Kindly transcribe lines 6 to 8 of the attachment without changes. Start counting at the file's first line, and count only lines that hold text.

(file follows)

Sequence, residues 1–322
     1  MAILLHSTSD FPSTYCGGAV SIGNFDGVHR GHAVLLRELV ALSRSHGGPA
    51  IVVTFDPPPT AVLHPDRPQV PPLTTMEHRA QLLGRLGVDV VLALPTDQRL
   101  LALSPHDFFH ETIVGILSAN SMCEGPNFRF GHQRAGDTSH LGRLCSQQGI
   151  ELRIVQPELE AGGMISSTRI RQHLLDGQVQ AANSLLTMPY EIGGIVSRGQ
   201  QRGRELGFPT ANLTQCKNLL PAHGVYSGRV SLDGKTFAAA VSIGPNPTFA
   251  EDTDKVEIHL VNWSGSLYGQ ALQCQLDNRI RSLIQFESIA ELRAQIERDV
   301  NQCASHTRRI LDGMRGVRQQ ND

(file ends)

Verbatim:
   201  QRGRELGFPT ANLTQCKNLL PAHGVYSGRV SLDGKTFAAA VSIGPNPTFA
   251  EDTDKVEIHL VNWSGSLYGQ ALQCQLDNRI RSLIQFESIA ELRAQIERDV
   301  NQCASHTRRI LDGMRGVRQQ ND